Looking at the dioramas of French artist Marc Giai-Minet, you’d be forgiven thinking they were props from some strange Hollywood team-up between Tim Burton and Wes Anderson. His scenes of unseemly libraries, forgotten laboratories, rusty workshops, and ramshackle slaughterhouses seem like they were plucked from a series of dollhouses, detailing some unknown holocaust.
They’re as fascinating as they are abstractly unsettling, an effect very much designed with intent. “In my work, the strained relationship between light and shadow—in other words between good and evil, spirit and matter, knowledge and ignorance—is the very essence of the metaphor of mankind I am trying to paint,” Giai-Minet says. “A portrait of mankind that is both fascinated by the divine and tempted by bestiality.”
Artistically, Giai-Minet is obsessed with the dark nature of man. Primarily a painter, his works largely focus on human monsters. “As a young child, I was utterly shocked when I saw photographs of concentration camps and their methodicially lethal facilities: the piles of dead bodies and the huge stacks of stolen items, carefully sorted to be re-used,” he says. His dioramas are an abstraction of these themes, attempting to convey the monstrous dark side of man without actually featuring human figures.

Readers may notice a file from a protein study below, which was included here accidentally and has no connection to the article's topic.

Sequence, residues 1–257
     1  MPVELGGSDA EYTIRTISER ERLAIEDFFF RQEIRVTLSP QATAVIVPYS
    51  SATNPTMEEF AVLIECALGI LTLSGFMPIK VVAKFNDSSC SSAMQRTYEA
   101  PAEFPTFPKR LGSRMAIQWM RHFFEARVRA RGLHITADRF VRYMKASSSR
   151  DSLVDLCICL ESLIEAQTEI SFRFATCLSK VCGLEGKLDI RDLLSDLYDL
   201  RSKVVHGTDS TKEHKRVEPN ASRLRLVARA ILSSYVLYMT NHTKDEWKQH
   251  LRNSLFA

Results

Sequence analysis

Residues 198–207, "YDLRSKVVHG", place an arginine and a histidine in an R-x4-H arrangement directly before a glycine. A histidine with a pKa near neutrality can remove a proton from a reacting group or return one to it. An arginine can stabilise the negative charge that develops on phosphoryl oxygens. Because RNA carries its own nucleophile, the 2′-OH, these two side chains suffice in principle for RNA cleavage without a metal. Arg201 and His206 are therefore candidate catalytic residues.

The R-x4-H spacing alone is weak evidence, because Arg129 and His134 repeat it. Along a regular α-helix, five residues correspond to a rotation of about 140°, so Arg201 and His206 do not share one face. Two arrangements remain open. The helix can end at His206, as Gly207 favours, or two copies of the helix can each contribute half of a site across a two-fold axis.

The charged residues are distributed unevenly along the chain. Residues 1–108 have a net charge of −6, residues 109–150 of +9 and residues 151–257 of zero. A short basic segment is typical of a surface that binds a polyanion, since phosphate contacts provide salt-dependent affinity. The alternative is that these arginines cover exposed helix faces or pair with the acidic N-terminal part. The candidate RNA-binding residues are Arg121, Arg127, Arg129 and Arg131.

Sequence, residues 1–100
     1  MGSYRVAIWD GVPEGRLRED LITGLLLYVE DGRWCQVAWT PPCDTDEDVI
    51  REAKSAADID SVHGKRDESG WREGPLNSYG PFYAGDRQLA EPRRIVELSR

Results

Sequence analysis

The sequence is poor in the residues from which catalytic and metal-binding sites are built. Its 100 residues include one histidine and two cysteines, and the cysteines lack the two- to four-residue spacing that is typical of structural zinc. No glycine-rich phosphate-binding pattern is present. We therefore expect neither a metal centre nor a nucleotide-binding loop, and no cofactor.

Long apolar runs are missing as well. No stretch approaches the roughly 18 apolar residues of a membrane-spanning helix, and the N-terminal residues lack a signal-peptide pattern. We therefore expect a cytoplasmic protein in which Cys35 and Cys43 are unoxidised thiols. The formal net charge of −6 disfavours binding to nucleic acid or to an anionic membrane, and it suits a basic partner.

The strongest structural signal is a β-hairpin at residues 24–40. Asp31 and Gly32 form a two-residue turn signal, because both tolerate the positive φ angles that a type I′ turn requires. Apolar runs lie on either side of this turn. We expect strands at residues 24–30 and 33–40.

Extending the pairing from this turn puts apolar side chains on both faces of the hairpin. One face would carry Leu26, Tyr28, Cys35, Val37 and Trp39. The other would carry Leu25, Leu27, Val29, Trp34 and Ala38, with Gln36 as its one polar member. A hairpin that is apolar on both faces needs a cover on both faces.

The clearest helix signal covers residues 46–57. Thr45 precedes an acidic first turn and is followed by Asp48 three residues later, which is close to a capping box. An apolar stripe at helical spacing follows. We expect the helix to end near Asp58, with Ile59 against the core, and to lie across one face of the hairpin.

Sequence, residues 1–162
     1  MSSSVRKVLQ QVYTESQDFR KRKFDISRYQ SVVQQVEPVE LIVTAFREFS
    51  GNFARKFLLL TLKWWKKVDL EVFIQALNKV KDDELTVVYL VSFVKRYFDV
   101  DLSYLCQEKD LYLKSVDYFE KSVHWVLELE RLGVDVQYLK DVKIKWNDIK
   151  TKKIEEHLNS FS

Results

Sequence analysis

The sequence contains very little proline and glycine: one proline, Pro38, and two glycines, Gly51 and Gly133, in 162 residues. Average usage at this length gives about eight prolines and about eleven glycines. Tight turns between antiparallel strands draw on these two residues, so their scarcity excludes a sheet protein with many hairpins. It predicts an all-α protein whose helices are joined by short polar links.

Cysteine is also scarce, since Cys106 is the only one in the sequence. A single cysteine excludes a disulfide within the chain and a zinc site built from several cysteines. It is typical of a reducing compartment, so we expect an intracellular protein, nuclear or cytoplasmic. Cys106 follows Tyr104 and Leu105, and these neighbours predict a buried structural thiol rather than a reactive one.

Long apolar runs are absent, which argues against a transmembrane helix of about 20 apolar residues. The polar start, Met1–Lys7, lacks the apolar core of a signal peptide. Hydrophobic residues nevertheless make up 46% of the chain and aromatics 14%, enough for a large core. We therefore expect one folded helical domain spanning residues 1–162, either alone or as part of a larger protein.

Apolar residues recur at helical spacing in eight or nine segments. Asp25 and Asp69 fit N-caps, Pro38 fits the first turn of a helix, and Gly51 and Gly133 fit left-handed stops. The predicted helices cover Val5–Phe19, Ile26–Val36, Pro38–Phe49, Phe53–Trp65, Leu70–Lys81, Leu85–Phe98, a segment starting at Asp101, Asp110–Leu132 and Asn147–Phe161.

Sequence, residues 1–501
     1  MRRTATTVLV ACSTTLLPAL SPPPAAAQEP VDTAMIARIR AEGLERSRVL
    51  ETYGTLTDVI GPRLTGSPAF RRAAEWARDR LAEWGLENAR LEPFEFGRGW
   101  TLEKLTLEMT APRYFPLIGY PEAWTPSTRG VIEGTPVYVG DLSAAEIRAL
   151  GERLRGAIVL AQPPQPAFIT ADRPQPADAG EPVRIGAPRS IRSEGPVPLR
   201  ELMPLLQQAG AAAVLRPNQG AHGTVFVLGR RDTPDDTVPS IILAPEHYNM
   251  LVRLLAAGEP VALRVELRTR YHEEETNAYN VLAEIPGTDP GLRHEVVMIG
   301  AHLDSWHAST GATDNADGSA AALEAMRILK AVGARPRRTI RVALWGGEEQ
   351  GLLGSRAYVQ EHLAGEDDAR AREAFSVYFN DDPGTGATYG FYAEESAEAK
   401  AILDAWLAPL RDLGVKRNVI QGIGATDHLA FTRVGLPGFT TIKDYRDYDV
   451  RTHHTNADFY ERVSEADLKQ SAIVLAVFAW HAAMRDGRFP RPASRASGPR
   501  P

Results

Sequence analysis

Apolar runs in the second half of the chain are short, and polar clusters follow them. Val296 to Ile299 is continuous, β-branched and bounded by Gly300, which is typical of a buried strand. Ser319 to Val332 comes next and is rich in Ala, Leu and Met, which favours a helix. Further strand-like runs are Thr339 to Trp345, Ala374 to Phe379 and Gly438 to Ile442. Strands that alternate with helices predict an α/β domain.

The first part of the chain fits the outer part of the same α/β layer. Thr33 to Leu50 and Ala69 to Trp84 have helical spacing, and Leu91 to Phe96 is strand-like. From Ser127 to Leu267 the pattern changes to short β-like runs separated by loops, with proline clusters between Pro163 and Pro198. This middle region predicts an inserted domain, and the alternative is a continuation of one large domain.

“When I started making boxes in the early 90s, they were small formats dealing with the same themes as my paintings: brainwashing scenes, visiting mummies, crawling worms and various transfusions,” Giai-Minet says. “Small cardboard cutout figures performed the ironically cruel and existential ballet of my painting. As my work evolved into much larger constructions, the characters disappeared and books, whole libraries of them, filled the space along with warehouses, interrogation rooms, prison cells, staircases, walkways, ovens, sewers or platforms and docks.”
According to Giai-Minet, who spent the majority of his career as a painter before embracing dioramas in the ’90s, his “boxes” are an exploration of his playful side: the part of him that liked to play with toy soldiers and model trains as a boy. But that playful side still has morbid obsessions.
“From the whiteness of books to the darkness of sewers, everyone will see in my work a wandering, a never ending to and fro between the two main poles of humanity: bestiality and transcendence, human fragility and inaccessible divinity,” he says. Hey, Nic Pizzolatto: hire this guy to write for True Detective season 3, stat!